Monday, May 02, 2005

I feel a day in bed coming on!

R elax! The figure prostrate in bed or on the sofa next to you this morning is not just slobbing out. Scientific research shows that lying down is the best way to think.Rodin's The Thinker may do it sitting down; Sir Winston Churchill did it in the bath while smoking a cigar; others claim to have their best ideas while jogging.
But researchers now believe the cleverest way to think is while curled up in bed or on a sofa. Clinical tests have shown men and women can solve problems faster when lying down compared with when they are standing up or sitting.
Scientists have discovered that noradrenaline, a natural hormone produced in the brain by stress, interferes with brain cells and reduces people's attention to detail and reasoning.
When people stand up, it triggers a reaction in the brain that produces more of the hormone. But lying down decreases the concentration of noradrenaline in the brain and helps us to think more clearly.
Psychologists gave anagram tests to 20 men and women volunteers to see whether there was any difference in the speed with which they were solved.
They were given 32 anagrams as a test. Each was five letters long but had only one correct solution such as "model" or "noble". The longest solution took one person 42.6 seconds to turn "nodru" into round. The quickest was for "osien" -- noise.
The anagrams were flashed on a screen to each of the men and women when they were either upright or lying down on a mattress. The volunteers carried out the tests alone in a cubicle with an examiner outside. The anagrams were shown on a screen that they controlled with a switch. The maximum time a word was on the screen was 45 seconds. Results showed the average time for solving the anagrams standing up was almost 30 seconds, three seconds, or 10per cent, slower than the average lying down speed.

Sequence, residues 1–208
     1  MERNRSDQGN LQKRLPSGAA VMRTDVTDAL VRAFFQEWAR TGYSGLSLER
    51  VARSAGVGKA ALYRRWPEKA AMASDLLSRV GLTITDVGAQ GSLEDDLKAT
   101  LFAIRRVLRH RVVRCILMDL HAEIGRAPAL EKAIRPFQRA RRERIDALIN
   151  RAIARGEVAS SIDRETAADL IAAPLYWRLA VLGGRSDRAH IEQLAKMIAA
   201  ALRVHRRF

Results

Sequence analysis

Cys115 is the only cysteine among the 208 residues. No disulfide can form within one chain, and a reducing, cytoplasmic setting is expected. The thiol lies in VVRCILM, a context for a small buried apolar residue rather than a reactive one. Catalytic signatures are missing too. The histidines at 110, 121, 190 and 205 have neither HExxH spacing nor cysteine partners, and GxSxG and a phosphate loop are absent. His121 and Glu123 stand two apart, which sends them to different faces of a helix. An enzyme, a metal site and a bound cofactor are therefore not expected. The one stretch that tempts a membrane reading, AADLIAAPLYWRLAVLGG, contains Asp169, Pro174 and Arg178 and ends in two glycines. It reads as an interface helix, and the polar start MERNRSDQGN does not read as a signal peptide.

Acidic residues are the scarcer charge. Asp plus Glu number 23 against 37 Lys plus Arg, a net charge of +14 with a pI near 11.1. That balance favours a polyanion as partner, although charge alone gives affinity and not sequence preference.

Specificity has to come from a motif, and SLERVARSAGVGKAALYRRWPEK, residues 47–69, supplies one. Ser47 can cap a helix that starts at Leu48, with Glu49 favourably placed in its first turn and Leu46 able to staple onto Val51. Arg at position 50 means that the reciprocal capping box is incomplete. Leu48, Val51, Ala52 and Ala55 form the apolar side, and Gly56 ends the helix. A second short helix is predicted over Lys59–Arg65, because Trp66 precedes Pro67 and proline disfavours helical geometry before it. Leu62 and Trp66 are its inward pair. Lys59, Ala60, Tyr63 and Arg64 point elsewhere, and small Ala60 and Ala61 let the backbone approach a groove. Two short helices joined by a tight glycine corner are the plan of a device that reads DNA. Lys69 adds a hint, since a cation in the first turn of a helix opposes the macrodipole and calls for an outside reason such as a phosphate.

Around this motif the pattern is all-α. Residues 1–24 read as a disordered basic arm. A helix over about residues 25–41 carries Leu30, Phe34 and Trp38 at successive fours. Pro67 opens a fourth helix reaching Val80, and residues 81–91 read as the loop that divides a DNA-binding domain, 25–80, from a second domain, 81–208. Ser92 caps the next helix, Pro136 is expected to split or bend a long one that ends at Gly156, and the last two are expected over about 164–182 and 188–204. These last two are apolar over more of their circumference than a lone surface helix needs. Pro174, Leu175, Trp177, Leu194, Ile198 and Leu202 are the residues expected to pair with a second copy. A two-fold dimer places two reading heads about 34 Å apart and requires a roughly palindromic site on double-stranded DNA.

"Analysis revealed that anagrams were solved 3.1 seconds more rapidly by people when supine than when standing," said Don Byrne from the Australian National University in Canberra.
"Anagrams can be characterised as insight problems, in part because they are often solved in a moment of sudden awareness."
The effect of noradrenaline in the brain was accepted as a possible explanation of the thought process by Nick Neave, a senior lecturer in psychology and sport sciences at Northumbria University in northern England. However, he believed the results may have more to do with blood circulation than brain chemicals. "When you're standing upright the blood flow has to work a bit harder to get all the way around," he said, "but if you're lying down your brain is getting more blood flow."
"Descartes, the philosopher, was constitutionally incapable of getting out of bed in the morning. When you're lying down your mind is clearer of the flotsam of everyday life. There's more space in your mind with which to think."


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